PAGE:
At such times, floodgates, which allow water from the drains to drain out into the sea, get reverse flow of water. Water from the sea flows into the drains, thus exacerbating the water logging, explained an official from BMC’s Disaster Management department. In such a situation, the floodgates are shut to prevent seawater from entering into the drains and rainwater collecting in the city is pumped into the sea.

The India Meteorological Department has given the following classification as per the amount of rainfall received in a 24 hour period:

Sr. noTerminologyAmount of rainfall
Colour of alertMeaning of the colour
1Very light rainfall0.1 – 2.4Green alert (less than 64 mm rainfall per)
No warning (No action)
2Light rainfall2.5 – 15.5
3Moderate rainfall15.6 – 64.4 
4Heavy rainfall64.5 – 115.5
Yellow alertWatch (Be updated)
5Very heavy rainfall115.6 – 204.4 Orange alertAlert (Be prepared)
6Extremely heavy rainfall Greater or equal 204.5 mmRed alertWarning (Take action)

How is water drained out of the city?

A network of stormwater drains, which is more than a hundred years old, is in place in Mumbai to carry surface runoff into water bodies such as oceans, rivers and creeks. A total of 183 outfalls drain water into the Arabian Sea, Mahul Creek and Mahim Creek.

BMC’s Flood Preparedness Guidelines say, “The southern city area comprising relatively large low-lying areas has long complex networks, while short drains from small areas discharge directly to the sea. In the city, the drains are covered by roads whilst there are open drains in the suburbs.”

Pramod Mahajan Kala Udyan
Huge pipes carry water from areas like Parel and Dadar to the holding pond at Pramod Mahajan Kala Udyan and then it is pumped into the sea. Pic: Shruti Gokarn

The topography of Mumbai combined with the construction activities has led to some chronic waterlogging hotspots such as Parel, Hindmata cloth market and the surroundings of Milan subway at Vile Parle. Recognising the need for extra steps to curb flooding in this area, the BMC has set up holding ponds here.

In the first phase, they set up a holding pond of 1.05 crore litres below the ground of St. Xavier’s school at Parel and another pond of 1.62 crore litres at Pramod Mahajan Kala Udyan at Dadar.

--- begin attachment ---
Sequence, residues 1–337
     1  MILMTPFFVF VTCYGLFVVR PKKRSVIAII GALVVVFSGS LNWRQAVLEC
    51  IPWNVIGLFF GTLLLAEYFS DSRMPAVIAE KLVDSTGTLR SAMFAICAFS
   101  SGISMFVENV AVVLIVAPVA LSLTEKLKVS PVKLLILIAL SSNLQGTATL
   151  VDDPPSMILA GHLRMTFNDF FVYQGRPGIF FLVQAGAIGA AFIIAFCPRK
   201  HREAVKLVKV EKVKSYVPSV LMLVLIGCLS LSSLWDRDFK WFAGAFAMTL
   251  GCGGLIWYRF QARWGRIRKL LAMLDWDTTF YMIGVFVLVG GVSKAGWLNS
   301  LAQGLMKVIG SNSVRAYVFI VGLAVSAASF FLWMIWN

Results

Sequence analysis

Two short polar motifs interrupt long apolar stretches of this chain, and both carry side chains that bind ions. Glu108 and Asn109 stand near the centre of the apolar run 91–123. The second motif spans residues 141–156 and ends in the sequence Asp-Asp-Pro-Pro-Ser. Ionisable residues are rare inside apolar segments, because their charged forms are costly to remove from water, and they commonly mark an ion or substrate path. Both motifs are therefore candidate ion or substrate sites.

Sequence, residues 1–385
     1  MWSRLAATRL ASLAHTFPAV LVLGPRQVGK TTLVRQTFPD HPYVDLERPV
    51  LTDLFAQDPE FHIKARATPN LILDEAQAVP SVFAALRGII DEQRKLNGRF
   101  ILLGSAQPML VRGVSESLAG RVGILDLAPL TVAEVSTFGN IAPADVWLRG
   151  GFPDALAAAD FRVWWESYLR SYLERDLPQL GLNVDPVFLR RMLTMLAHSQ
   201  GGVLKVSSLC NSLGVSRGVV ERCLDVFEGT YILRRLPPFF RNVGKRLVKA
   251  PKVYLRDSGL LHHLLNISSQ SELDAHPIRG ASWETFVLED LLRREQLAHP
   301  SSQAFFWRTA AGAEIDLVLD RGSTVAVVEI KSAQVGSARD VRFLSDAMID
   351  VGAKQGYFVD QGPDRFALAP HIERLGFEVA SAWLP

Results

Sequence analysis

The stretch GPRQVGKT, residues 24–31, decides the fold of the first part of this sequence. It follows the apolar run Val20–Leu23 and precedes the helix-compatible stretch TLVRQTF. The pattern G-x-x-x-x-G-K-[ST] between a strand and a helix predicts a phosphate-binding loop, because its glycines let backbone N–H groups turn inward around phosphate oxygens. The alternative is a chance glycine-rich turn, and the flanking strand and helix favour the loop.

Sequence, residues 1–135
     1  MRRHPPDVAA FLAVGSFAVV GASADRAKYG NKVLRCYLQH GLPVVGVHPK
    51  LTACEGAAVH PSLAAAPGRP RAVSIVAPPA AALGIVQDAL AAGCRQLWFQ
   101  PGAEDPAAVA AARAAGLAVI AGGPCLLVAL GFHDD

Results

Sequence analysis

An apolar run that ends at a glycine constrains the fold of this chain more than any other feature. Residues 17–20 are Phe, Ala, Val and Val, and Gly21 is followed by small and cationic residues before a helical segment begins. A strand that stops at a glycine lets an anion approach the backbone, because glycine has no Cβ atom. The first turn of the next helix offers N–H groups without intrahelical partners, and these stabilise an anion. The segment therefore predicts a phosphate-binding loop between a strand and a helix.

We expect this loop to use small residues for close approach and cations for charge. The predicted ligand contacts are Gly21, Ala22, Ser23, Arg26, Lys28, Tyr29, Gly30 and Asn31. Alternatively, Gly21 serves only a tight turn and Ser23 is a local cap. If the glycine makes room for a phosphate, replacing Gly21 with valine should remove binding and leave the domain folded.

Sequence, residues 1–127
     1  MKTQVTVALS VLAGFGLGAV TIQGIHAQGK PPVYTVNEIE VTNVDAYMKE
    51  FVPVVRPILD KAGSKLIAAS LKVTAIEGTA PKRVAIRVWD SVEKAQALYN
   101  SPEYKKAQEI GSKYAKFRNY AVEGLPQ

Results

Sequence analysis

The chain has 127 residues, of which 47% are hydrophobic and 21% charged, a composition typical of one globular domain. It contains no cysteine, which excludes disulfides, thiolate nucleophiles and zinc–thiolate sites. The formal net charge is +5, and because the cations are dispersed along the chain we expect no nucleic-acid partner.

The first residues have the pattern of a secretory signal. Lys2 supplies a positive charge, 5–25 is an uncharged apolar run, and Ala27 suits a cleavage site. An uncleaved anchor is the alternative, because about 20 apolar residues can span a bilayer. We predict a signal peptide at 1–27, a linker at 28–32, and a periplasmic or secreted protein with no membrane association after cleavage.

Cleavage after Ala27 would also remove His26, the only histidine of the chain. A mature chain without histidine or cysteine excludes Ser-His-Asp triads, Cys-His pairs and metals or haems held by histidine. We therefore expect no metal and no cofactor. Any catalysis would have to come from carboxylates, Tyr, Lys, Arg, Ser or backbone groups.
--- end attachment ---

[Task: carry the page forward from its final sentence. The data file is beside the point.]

Excess rainwater is pumped into the ponds and then slowly released into nullahs. The holding pond at Milan subway can hold 2 crore litres of water.

Besides this, the BMC has six big and 10 small pumping stations. It also installs temporary portable pumps wherever required.

Read more: Time to seriously implement already-existing solutions to make monsoons bearable, says a young citizen

Are BMC’s flood prevention measures effective?

At the Milan Subway in Vile Parle, Imran Bhati, the owner of a marble shop right outside the subway said, “The subway does not flood since they have set up the pump and the pond. Earlier they had to put up a bridge-like thing in the subway for the vehicles to cross to the other side.”

A cloth merchant at Hindmata market echoed saying that the extent of flooding has reduced, but added that water entered his shop just two weeks ago. He also pointed out that last year rainfall was less, and wondered how the tanks will hold up if it rains heavily this monsoon.

Milan Subway
A holding pond at the Milan Subway has tackled the problem of chronic water logging, say shopkeepers in the area. Pic: Shruti Gokarn

Localised flooding, especially in informal settlements continues to be a problem. Lubaina Rangwala, the Programme Head of Urban Development at WRI, praises the BMC engineers for their ground intel. However, she is sceptical about the hotspot strategy, where the engineers inspect hotspots, identify the cause for the flooding and fix that problem. It could be less percolation due to new construction, blocked gutters or inadequate drainage capacity of the area and so on.

Lubaina says, “The hotspot then gets relocated to some place else, maybe 10 -15 metres down the line. It doesn’t holistically solve the problem at that catchment level, because we don’t have the data to actually support the understanding of the catchment. We don’t really know how the topography has changed over the years in the city. And the stormwater drainage network is largely unmapped in many places.”

She says that better data collection and mapping of drains will equip city administrations to manage localised flooding and waterlogging better.

With more and more infrastructure projects coming up in Mumbai, the city will need a visionary approach to resolve the problem of waterlogging and floods.

(Part two of the series will focus on information that citizens can use in the event of waterlogging and floods.)